GNOME 3 - a review
After the arrivel of GNOME 3 and Unity, we have seen months of discussion on the future of the free desktops. Both GNOME 3 and Unity have been considered as a step backward. Many old-school Linux users believe that these new offerings are worse than the good well-documented desktops like GNOME 2 and XFCE.
Over the years I have used many different desktop environments and window managers. GNOME 2 (both for Debian GNU/Linux and Ubuntu Linux) has served me well. A couple of weeks ago, I decided to try out GNOME 3. And to jump to the conclusion - GNOME 3 is different!
In my test of GNOME 3, I use my four years old Dell XPS 1330M laptop. With an Intel Core2 Duo (2 GHz), 4 GB memory and Intel graphics, it is not a speed devil. But it is a small laptop, and I can carry it around (I'm usually on bike) easily. I have upgraded the battery to a 9-cell battery, and that gives me enough power to work for long period without plugging it to the wall. The operating system is Arch Linux (64 bit).
Is the difference between GNOME 2 (old-school desktop) and GNOME 3 a good thing? Yes, I like it. I like that the panel is so small - yeah, I know it's not a panel. And I the activity concept. I use the same 5 applications (browser, editor, terminal, word processor, and photo manager) so adding them to the activity panel is pretty nice. It took a couple of days to get use to the virtual desktops. In many years I have visualized my virtual desktops horisontal (and used Ctrl-Alt-Left/Right to move between them). Now, they are vertically organized (Ctrl-Alt-Down/Up). One thing I like is that the number of virtual desktops are changed dynamically as I move between them and starting and stopping applications.
The idea that you must use the Alt key together with the top-right menu is new to me. Luckily, a friend showed me after a week that I can power down my laptop as the menu changes when I press Alt. For one week I logged out and powered down. Knowing that the meta keys (Alt, Windows, etc.) is used throughout the GNOME Shell, makes me a bit more productive - or probably closer to my GNOME 2 productivity. I can only recommend that you read the user's manual to GNOME 3 and the GNOME Shell when you start using GNOME 3 for the first time.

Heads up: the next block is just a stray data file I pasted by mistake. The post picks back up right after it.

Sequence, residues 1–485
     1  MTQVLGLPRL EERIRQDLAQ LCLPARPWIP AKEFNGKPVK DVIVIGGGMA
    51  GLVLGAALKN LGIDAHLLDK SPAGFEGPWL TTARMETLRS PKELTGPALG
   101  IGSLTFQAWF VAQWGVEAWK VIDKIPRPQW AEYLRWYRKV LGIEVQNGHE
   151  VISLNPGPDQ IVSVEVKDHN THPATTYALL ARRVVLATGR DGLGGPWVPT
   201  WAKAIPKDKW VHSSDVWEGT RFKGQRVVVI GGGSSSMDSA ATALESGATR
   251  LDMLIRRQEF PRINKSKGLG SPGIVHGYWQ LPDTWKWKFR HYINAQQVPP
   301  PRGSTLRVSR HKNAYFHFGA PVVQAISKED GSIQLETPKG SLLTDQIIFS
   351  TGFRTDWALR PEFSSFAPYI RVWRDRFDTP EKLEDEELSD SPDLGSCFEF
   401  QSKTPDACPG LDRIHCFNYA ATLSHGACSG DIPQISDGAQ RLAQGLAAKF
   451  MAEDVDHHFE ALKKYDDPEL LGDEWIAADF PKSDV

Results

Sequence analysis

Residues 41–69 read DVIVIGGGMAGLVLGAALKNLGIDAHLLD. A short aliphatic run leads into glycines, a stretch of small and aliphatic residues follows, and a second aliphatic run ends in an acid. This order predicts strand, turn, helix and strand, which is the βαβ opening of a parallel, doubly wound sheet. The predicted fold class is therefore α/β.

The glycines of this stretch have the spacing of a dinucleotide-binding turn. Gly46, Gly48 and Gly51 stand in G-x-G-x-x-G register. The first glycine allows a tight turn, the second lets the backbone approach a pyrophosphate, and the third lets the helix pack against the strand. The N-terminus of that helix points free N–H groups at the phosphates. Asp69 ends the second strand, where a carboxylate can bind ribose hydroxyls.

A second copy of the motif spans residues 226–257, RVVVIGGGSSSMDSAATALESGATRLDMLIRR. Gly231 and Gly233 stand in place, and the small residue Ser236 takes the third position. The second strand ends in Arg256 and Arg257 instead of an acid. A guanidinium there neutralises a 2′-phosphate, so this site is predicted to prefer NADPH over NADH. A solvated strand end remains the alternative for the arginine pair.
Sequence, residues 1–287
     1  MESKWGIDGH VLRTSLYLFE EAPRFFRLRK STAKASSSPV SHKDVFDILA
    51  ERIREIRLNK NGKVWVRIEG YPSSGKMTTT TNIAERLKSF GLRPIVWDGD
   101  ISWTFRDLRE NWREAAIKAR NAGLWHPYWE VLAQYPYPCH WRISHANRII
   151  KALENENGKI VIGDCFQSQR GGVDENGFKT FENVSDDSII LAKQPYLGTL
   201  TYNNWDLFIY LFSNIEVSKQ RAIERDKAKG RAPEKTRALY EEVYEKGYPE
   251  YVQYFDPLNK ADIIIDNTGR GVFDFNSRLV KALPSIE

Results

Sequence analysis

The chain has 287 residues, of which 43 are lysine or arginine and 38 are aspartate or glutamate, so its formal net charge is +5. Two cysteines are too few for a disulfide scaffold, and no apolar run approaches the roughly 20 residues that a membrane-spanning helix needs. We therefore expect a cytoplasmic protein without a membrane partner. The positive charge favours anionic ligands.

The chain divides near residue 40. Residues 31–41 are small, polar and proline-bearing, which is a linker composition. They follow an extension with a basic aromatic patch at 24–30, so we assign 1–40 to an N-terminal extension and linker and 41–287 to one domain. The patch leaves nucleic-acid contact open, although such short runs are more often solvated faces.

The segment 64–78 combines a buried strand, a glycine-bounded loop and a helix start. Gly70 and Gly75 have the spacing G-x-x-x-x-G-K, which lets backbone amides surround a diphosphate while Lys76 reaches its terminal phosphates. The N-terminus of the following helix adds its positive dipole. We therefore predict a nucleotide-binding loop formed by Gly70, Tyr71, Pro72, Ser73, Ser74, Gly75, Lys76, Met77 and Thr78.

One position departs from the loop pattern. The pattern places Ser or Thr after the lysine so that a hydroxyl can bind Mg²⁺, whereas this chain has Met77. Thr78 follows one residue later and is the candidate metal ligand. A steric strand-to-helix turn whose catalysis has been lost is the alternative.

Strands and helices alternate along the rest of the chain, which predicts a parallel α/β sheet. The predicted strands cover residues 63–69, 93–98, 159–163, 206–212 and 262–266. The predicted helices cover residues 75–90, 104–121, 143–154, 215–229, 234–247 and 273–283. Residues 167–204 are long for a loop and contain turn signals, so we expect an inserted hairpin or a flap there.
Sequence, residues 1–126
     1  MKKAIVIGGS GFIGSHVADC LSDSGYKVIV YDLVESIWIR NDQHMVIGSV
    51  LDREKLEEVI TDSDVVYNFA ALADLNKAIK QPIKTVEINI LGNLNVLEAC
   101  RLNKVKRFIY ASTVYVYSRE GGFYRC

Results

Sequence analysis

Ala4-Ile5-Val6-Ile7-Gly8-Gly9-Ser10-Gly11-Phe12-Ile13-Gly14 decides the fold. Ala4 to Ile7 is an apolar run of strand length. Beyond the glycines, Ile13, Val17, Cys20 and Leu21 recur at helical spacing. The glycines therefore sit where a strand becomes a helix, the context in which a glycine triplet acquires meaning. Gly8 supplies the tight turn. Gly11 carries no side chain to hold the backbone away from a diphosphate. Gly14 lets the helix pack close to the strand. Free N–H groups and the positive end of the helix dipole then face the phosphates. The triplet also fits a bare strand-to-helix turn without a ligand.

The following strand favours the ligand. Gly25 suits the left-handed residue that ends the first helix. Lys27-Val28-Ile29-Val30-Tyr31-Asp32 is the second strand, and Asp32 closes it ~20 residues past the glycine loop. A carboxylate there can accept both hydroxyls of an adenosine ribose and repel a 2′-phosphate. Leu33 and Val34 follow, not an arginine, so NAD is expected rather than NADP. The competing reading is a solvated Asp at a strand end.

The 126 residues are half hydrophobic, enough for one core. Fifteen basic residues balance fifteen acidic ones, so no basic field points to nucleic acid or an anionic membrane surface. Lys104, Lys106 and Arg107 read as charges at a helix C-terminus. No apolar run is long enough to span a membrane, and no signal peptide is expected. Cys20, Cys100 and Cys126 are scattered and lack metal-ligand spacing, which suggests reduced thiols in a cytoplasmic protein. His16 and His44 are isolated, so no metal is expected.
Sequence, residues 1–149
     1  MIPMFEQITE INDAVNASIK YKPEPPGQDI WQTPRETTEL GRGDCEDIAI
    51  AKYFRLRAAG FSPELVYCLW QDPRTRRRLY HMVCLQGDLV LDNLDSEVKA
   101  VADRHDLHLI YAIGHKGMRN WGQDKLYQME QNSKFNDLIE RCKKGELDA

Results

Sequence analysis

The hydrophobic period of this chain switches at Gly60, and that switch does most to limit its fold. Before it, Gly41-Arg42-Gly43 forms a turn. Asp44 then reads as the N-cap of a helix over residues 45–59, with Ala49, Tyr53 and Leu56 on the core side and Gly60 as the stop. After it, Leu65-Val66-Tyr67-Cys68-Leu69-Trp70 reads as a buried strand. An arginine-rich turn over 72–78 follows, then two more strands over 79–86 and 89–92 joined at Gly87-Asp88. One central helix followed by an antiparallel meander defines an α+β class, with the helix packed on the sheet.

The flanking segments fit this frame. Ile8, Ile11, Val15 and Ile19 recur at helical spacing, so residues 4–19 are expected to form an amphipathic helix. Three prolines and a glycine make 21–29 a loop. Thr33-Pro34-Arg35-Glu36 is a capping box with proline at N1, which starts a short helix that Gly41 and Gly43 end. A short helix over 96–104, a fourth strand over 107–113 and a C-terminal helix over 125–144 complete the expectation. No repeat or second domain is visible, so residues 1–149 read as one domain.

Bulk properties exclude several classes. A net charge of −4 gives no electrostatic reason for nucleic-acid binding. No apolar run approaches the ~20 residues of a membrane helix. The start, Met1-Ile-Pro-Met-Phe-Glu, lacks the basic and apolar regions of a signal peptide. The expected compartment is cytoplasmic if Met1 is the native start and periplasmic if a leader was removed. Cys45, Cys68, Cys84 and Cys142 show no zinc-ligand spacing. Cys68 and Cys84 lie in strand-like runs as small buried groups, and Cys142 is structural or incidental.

One of the most critized parts of GNOME 3 has been that it is not possible to customize the desktop. Strangely, I have not encountered many problems with this. Maybe the default values are just right for me. Of course I have changed a few things, but I have not wished to customized an item and haven't been able to find it.
The network manager has been upgraded, and this is the place where I think it is a downgrade. The VPN dialogs do not allow to import configuration files. Typically your network administrator will send you the configuration in some sort of file (each VPN implementation has it own format). I can manually type in the information, but it was much nicer in previous versions where I could import it.
The default applications in GNOME 3 are fine with me. I have only changed two applications: Firefox as browser, and Emacs as editor. The GNOME Editor (gedit) is not powerful enough for a full time software developer like me (working in 3-4 programming languages at the same time).
GNOME 3 introduces a concept of online accounts. The idea is that you register your accounts on place and all application can use the information. Currently, only Google accounts are supported, but it is really nice that Evolution, Empathy and GNOME Shell calendar take advantage of it. I hope that Twitter, Facebook, LinkedIn and other web services soon will be supported.
For almost three weeks I have been using GNOME 3, and I must say I am impressed. The GNOME developers have really tried to rethink the free software desktop - and they have produced a cool desktop!